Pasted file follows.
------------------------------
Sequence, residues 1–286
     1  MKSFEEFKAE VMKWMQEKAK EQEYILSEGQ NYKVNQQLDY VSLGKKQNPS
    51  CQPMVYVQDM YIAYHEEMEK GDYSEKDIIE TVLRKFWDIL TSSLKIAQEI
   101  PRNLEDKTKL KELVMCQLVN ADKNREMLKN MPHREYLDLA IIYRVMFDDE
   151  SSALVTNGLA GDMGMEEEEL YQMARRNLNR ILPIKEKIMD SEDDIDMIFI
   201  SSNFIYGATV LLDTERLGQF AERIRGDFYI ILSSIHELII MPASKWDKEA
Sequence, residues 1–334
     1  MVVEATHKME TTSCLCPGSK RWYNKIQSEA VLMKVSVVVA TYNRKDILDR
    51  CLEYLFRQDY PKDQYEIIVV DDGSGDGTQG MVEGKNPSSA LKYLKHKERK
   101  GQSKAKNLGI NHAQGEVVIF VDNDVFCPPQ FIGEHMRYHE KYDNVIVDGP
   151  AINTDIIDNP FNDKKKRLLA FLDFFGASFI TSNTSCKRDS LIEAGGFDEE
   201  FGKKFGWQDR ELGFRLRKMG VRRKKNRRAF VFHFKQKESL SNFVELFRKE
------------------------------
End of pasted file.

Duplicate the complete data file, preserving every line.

Sequence, residues 1–286
     1  MKSFEEFKAE VMKWMQEKAK EQEYILSEGQ NYKVNQQLDY VSLGKKQNPS
    51  CQPMVYVQDM YIAYHEEMEK GDYSEKDIIE TVLRKFWDIL TSSLKIAQEI
   101  PRNLEDKTKL KELVMCQLVN ADKNREMLKN MPHREYLDLA IIYRVMFDDE
   151  SSALVTNGLA GDMGMEEEEL YQMARRNLNR ILPIKEKIMD SEDDIDMIFI
   201  SSNFIYGATV LLDTERLGQF AERIRGDFYI ILSSIHELII MPASKWDKEA
Sequence, residues 1–334
     1  MVVEATHKME TTSCLCPGSK RWYNKIQSEA VLMKVSVVVA TYNRKDILDR
    51  CLEYLFRQDY PKDQYEIIVV DDGSGDGTQG MVEGKNPSSA LKYLKHKERK
   101  GQSKAKNLGI NHAQGEVVIF VDNDVFCPPQ FIGEHMRYHE KYDNVIVDGP
   151  AINTDIIDNP FNDKKKRLLA FLDFFGASFI TSNTSCKRDS LIEAGGFDEE
   201  FGKKFGWQDR ELGFRLRKMG VRRKKNRRAF VFHFKQKESL SNFVELFRKE